Morningland’s claims of miracle healings also drew fire.
In 1986, an AIDS patient said he paid Morningland more than $700 in 2 months to be healed of his disease, only to find his condition worsen. At the time, Sri Patricia was advertising that she could heal AIDS, but later said she never suggested patients stop seeking medical attention.
Also, in the mid-’80s, ex-Morningland members began breaking the sect’s code of silence and speaking out about the group. They described an extreme form of “free love,’ in which men were encouraged to get vasectomies, couples were encouraged to break up and pair with members of the same sex, and marriages were sometimes arranged.
“The peace and love gave way to discipline and obedience,’ Stone says.
In December 1986, the controversy surrounding Morningland came to an explosive climax.
A Bellflower man named Thomas McCoy placed a bomb just outside the church, and partially detonated it, shattering windows and blackening a nearby wall. A bomb squad spent the next seven hours trying to defuse the bomb, so that the rest of it wouldn’t explode and destroy the entire city block. They eventually detonated it safely.
McCoy told authorities he was trying to protect his sister, who allegedly was threatened and harassed after breaking up with a Morningland member and leaving the group. McCoy was sentenced to three years in prison.
Since then, Morningland has stayed relatively low-key. Members have purchased an apartment complex across Seventh Street, where some live. And they still hold services, classes and seminars. But without Sri Patricia at the helm, Morningland’s future remains uncertain.
For Marcus Sperato, the church holds more bad memories than good.
He says he fondly remembers his father, who directed the North Long Beach Boys Club for years, even after founding Morningland.
“My dad actually started the church to help people,’ Marcus said. “People were looking around to find something that felt good for them, find something different. … He was real good with people.’
But Marcus says he strongly believes his mother’s greed corrupted the church and damaged him. He describes how, as a child, his mother made him spy on other members of the church, and how she disowned him after he chose to leave, even though he was only 18.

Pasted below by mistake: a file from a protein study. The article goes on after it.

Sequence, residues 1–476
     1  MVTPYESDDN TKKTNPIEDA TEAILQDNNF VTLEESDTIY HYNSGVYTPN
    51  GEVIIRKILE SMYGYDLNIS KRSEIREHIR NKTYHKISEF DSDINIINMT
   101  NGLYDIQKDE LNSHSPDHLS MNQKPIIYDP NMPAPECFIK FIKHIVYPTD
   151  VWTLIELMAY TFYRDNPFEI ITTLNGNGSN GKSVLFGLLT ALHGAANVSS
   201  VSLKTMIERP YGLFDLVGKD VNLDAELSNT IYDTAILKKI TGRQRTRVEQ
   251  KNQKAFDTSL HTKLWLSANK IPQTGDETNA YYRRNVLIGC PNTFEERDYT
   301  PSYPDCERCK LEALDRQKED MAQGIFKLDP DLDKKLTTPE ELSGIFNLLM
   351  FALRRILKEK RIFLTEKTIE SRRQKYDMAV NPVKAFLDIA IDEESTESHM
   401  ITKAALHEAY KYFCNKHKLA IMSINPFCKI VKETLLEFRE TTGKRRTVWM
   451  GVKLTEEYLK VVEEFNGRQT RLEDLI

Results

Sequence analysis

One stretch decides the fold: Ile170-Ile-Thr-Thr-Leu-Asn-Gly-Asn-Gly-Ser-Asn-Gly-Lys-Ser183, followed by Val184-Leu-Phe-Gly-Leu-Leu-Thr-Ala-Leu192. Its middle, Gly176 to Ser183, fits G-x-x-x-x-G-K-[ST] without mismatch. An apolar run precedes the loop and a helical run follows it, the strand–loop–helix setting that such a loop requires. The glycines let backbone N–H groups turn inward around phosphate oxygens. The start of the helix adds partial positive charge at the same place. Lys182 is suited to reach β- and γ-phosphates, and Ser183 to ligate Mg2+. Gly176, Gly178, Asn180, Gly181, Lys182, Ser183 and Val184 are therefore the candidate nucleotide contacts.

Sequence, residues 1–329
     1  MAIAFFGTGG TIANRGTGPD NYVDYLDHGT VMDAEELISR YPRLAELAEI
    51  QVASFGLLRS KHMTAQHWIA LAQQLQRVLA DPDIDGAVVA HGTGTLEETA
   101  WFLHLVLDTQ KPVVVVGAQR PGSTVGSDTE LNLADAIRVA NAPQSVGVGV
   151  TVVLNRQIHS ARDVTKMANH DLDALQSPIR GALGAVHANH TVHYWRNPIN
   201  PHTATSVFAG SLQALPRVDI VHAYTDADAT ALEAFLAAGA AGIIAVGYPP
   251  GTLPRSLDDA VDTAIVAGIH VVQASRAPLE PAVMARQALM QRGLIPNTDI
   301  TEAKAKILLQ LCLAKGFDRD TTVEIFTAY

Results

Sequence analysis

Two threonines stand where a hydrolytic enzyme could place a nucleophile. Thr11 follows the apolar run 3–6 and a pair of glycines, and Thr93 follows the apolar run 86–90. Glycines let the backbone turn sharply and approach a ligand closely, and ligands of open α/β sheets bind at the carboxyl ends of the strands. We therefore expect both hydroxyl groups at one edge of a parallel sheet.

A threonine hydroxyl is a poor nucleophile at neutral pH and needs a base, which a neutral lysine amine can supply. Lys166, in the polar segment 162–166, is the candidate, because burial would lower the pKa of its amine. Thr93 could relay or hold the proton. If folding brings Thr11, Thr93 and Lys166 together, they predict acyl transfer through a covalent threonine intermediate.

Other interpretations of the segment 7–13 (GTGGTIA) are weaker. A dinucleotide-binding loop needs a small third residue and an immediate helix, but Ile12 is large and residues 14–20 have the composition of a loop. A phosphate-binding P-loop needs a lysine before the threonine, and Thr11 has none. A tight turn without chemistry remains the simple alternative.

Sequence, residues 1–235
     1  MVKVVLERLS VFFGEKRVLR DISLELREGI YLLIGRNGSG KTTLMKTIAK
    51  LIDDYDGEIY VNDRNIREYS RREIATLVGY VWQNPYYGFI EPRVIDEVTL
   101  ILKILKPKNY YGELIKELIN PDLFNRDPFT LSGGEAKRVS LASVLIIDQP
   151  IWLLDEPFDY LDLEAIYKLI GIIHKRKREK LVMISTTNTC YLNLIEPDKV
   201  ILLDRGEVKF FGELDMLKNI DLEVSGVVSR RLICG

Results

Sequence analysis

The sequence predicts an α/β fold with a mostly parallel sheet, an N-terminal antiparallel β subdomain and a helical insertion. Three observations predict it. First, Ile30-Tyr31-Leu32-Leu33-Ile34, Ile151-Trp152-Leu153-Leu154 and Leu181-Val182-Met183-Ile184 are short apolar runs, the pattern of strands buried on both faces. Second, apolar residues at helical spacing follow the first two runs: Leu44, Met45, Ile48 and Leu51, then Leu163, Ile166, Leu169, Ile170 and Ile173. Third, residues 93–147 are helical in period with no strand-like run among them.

“My mom saw the power that was there,’ he says, “and she took it to the extreme. Everything got twisted around, and everything went down real quick. … Dad wouldn’t have supported it.’
Marcus could be talking about himself.
Although he doesn’t say much about the sad turn his life took in adulthood, his friends who are sympathetic and deeply protective say he spiraled into homelessness, drug addiction and alcoholism. Without a family connection, they say, he didn’t stand a chance.
They say the saddest part is that he doesn’t have the money or means to assert his rights as an heir to Morningland. He says the church didn’t inform him of his mother’s death or the burial plans, and he has no way to gather his parents’ personal effects. Marcus is also searching for his sister, Lynn Connell, with whom he lost contact years ago.
The church, he says, won’t return his phone calls or letters, and he’s confident he would be turned away at the door.
Zentare contends that the church would give Marcus permission to come inside, and she says she’s not sure why no one has received Marcus’ recent telephonic and written messages.
Today, Daniel Sperato’s headstone in Escondido bears the unmistakable mark of Morningland. The pyramid- shaped stone reads “Master Donato’ and includes two dates: one indicating his “Avesha’ in 1971, the other indicating his “Maha Samadi’ in 1976. Both are Sanskrit terms used in yogic literature and refer to the day Sperato gained his power as a master, and the day he departed the living and “ascended’ as a saint. The words are accompanied by Morningland’s symbol a triangle with a rising sun and a flame in the middle.
And, of course, it includes his favorite incantation: “We are all one.’
Marcus Sperato said he doesn’t go to visit his father’s grave site often. But he likes the idea of knowing he can.